"I asked Tim how he got out of the skinhead movement and what that was like," Boger recalls.
The pair reminisced about West Hollywood back in the '80s.
"And there was this moment in which I said that I lived on the streets," Boger says, "in which I said I hung out on this hamburger stand, and [Zaal] said, 'You know, we used to hang out there, but we stopped hanging out there after this one night that was so violent, I think I killed a kid.' "
In a flash they both knew without saying that Boger was that kid.
"It was the very first meeting that we had realized who we were to each other 20-something years ago," Boger says.
Zaal recalls the moment the way anyone in his position would.
"Of course I was ashamed," he says. "I didn't know how to handle the situation. And obviously he didn't how to handle the situation and he left as quickly as possible. It was about two weeks before I saw him again."
Reflecting On Violence
Now, in his 40s, with a son of his own, Zaal has come to understand what motivated him to be so violent, so angry, back then. When he was a teenager, his brother was shot in their neighborhood by a black man. Zaal says he became a skinhead a short time later. He thought preying on people like Boger would somehow provide protection. Instead, it has haunted him.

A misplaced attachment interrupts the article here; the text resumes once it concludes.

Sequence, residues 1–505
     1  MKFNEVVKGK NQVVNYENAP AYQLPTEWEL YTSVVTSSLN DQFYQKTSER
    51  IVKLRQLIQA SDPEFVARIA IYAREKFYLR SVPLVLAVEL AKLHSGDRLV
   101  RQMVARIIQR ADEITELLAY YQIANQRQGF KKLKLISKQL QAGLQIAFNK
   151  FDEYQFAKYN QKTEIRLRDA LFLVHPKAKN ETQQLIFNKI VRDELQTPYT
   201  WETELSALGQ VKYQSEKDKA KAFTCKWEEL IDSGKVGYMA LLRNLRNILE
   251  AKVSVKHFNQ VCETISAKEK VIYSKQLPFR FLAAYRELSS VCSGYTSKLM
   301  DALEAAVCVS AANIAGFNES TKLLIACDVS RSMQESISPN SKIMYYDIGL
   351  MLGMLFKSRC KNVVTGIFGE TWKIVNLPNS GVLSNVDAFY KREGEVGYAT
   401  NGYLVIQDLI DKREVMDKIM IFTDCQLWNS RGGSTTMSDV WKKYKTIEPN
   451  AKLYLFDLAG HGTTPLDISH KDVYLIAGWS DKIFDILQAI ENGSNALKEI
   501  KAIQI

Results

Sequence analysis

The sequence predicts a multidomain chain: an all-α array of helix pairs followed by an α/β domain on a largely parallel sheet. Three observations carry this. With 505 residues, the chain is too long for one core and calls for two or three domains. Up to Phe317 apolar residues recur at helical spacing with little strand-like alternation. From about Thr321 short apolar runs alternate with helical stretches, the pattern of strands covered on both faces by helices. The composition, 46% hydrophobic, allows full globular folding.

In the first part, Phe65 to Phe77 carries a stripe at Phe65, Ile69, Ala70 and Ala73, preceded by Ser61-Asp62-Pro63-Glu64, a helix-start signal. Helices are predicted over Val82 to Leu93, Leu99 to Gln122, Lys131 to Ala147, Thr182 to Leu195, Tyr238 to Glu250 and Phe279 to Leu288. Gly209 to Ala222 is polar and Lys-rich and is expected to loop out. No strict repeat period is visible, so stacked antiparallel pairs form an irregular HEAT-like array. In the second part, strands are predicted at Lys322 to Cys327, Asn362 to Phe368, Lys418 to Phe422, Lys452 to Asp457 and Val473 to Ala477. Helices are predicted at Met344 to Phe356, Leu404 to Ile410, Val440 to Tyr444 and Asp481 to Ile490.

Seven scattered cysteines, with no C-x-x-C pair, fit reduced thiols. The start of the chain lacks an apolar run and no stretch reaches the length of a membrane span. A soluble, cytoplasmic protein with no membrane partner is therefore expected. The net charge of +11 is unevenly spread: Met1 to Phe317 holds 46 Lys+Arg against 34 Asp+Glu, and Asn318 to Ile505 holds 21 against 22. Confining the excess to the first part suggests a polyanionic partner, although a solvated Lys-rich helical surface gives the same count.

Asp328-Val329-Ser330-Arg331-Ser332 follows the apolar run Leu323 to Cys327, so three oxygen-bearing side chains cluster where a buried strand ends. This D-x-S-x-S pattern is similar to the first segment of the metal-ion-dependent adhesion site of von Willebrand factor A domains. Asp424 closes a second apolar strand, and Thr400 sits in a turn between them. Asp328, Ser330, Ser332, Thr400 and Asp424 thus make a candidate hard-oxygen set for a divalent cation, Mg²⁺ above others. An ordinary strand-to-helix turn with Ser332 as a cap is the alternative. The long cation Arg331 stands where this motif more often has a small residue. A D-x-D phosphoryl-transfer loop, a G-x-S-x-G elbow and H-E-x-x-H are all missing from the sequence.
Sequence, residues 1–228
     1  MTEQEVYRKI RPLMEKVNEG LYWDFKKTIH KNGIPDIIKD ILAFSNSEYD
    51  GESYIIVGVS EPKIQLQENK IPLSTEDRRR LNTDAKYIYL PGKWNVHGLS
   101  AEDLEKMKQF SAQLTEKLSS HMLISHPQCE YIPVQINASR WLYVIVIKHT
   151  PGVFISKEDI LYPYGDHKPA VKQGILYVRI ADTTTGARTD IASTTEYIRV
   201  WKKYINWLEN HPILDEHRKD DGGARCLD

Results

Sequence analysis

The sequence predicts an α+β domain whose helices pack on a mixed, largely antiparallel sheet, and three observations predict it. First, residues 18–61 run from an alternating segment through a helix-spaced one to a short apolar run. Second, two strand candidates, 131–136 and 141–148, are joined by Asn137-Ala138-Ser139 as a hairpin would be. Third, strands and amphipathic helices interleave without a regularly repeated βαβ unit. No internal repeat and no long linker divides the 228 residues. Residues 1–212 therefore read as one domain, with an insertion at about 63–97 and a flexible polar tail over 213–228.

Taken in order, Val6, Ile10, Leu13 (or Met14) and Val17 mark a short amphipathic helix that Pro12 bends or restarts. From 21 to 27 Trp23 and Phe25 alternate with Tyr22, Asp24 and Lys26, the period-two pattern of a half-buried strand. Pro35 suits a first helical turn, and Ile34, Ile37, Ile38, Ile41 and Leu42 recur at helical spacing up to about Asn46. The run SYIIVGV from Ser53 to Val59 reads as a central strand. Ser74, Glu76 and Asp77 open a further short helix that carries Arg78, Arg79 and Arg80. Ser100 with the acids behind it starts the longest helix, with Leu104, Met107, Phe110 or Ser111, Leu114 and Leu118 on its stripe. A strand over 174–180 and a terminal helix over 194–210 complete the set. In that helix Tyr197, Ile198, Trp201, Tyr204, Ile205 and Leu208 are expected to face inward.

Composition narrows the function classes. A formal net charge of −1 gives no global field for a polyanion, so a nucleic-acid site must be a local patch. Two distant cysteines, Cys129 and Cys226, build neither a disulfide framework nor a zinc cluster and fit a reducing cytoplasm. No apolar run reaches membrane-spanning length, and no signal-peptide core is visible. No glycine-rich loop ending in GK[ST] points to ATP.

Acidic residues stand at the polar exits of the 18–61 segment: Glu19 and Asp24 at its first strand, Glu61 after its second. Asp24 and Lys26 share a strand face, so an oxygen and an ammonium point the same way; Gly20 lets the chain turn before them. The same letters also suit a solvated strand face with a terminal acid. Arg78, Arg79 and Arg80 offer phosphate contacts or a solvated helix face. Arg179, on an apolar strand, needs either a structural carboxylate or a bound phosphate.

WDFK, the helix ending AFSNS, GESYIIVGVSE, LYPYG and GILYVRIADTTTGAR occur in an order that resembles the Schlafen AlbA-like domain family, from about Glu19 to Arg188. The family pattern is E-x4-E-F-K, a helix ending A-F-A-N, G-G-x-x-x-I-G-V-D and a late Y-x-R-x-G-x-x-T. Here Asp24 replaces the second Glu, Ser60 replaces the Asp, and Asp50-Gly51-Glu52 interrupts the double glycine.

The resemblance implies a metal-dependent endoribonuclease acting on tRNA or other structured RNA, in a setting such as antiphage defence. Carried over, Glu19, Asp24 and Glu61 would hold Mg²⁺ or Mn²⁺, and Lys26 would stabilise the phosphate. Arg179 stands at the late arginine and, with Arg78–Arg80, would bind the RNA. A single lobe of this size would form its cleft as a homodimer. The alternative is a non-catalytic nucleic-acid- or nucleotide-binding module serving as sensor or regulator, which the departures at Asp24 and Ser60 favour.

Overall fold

"You know I went through some turmoil," he says. "But at the end of the day the right thing to do was apologize. What was I supposed to do? Ignore him? Pretend it didn't happen, pretend we didn't have the conversation?"
So Zaal apologized.
Now Zaal and Boger present their story — and their unlikely friendship — to high school and middle school students around Southern California. They also do a tag-team presentation one Sunday every month at the Museum of Tolerance. It begins with a DVD film of their story and ends with a question and answer session.
Zaal says Boger used to bait him, and test him, to see if maybe those white supremacist ideas he held as a youth were still there, buried, in the grown man. But as time passed, both say that forgiveness — and redemption — have happened.
It's clear they genuinely like each other and know each other well. Boger says every time they give their presentation together he knows when it's time for him to take a seat.
"When someone will ask, 'How did you get out of the movement?' " Boger says he yields the floor to Zaal. "Cause I know it's gonna take 10 minutes to answer the question."
But Zaal isn't always around, and sometimes Boger has to field the questions on his own.
This piques Zaal's curiosity. "How long does it take you to do it?"
Boger smiles and dryly delivers the punch line: "It takes me about 2 1/2 minutes."
The two erupt into genuine laughter.
Zaal and Boger have just finished writing a book together. They hope that telling their story will prevent more young people from resorting to hate. But that is easier said than done. Earlier this year, in nearby Oxnard, an angry middle school student gunned down a 14-year-old classmate. The reason — apparently he was gay.